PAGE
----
I think Woods could have returned three weeks ago at Arnold Palmer’s tournament on the PGA Tour, the Arnold Palmer Invitational at Bay Hill (for those of you unfamiliar, Arnold Palmer, along with Jack Nicklaus, is one of the legends of golf, not just a drink you can mix with alcohol). It is a tournament where Woods does what he does best—win in dramatic style.

I believe that Woods was fully ready to play two weeks ago at Arnold’s tournament, but chose not to in fear of the public’s reaction. Like most other PGA Tour events, the Arnold Palmer Invitational at Bay Hill is an event open to all golf fans—not just the demure “patrons”—who can shout and heckle all they want. Arnold’s tournament also is open to more media outlets and paparazzi than the controlled Masters tournament. The reason Woods did not come back sooner is because he didn’t want to face all those people—not because his game wasn’t ready.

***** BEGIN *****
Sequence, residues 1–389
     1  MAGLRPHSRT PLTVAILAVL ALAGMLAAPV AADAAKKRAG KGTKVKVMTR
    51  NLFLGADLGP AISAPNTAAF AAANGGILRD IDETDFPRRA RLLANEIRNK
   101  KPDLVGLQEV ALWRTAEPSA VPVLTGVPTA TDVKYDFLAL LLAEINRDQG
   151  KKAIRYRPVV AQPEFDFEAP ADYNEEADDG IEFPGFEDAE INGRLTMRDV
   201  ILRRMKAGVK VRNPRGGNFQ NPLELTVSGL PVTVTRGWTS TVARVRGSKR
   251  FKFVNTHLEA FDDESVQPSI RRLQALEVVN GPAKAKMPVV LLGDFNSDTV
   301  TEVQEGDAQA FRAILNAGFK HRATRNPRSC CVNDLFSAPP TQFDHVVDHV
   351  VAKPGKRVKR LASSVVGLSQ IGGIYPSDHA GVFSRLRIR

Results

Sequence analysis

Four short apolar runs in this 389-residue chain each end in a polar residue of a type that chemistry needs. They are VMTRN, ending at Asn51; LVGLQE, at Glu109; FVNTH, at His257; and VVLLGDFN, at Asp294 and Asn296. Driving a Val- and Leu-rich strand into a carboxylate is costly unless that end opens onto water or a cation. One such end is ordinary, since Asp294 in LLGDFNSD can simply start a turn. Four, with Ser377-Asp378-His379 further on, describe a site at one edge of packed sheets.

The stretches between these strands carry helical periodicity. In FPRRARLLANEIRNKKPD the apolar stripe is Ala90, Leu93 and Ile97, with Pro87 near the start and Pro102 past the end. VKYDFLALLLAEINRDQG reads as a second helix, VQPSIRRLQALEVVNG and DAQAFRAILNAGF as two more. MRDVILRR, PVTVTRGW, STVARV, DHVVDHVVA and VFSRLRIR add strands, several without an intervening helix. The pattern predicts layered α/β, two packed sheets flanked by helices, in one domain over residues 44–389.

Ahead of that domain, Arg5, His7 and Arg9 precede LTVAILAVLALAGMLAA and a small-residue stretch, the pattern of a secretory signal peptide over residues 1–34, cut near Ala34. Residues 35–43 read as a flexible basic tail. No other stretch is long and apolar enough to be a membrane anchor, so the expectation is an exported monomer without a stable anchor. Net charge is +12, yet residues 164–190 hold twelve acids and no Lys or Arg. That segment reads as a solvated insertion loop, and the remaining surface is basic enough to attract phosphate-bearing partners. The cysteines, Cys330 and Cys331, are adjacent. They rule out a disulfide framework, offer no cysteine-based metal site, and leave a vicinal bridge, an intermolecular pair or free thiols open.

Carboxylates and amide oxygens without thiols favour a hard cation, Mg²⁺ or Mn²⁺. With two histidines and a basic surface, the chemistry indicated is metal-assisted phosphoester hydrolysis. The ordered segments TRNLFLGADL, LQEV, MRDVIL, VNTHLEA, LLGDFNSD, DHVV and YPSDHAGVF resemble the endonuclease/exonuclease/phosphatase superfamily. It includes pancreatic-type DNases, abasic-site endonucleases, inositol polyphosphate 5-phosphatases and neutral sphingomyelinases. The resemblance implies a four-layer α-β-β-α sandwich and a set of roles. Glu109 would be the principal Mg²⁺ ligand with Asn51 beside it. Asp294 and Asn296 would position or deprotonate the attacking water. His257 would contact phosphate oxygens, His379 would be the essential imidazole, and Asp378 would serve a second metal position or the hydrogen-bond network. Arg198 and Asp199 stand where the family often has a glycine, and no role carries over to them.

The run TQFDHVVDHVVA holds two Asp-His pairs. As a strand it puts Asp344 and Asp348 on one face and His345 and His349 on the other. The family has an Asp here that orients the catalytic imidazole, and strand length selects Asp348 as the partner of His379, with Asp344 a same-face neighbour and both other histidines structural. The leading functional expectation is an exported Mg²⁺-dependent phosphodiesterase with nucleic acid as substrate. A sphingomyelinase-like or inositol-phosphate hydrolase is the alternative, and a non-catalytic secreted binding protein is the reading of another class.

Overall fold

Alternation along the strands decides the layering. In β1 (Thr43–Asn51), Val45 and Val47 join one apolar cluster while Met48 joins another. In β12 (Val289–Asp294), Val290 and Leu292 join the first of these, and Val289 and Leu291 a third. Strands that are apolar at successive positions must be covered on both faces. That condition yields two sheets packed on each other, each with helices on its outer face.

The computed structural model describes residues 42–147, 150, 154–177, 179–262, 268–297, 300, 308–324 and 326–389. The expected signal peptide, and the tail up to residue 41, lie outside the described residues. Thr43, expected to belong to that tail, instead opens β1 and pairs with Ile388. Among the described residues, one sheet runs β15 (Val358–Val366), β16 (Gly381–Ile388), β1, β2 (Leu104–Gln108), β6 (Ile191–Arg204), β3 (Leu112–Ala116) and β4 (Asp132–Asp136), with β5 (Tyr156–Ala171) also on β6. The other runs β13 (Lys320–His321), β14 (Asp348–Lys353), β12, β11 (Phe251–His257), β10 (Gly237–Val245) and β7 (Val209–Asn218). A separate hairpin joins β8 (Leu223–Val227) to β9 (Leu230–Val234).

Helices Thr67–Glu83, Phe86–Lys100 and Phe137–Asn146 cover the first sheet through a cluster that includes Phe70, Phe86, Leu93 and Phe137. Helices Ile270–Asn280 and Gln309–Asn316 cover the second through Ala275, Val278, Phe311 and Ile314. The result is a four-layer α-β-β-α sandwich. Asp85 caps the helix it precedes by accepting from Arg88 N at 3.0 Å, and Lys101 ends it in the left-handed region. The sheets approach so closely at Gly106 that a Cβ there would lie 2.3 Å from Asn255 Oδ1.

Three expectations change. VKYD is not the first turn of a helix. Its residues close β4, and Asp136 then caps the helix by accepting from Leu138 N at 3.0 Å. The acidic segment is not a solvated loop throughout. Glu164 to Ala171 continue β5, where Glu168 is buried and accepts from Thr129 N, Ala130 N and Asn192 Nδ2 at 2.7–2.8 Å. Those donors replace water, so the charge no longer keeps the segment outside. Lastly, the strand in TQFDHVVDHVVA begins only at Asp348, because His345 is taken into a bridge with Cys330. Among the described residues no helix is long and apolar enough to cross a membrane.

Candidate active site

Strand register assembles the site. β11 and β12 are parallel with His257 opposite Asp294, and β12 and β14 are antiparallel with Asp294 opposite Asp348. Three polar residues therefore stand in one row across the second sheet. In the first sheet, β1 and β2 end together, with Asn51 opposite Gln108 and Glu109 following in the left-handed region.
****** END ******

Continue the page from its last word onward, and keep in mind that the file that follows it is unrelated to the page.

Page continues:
The Masters provides Woods the ideal theater and ideal audience to return his name to the sports pages, not the tabloids. It appears to be a very calculated decision to come back at the Masters, but in my opinion, it is the wrong decision. I believe Woods should have returned two weeks earlier at Arnold’s tournament because it would have shown good character on the part of Woods. It would have given him a chance to face up to the public.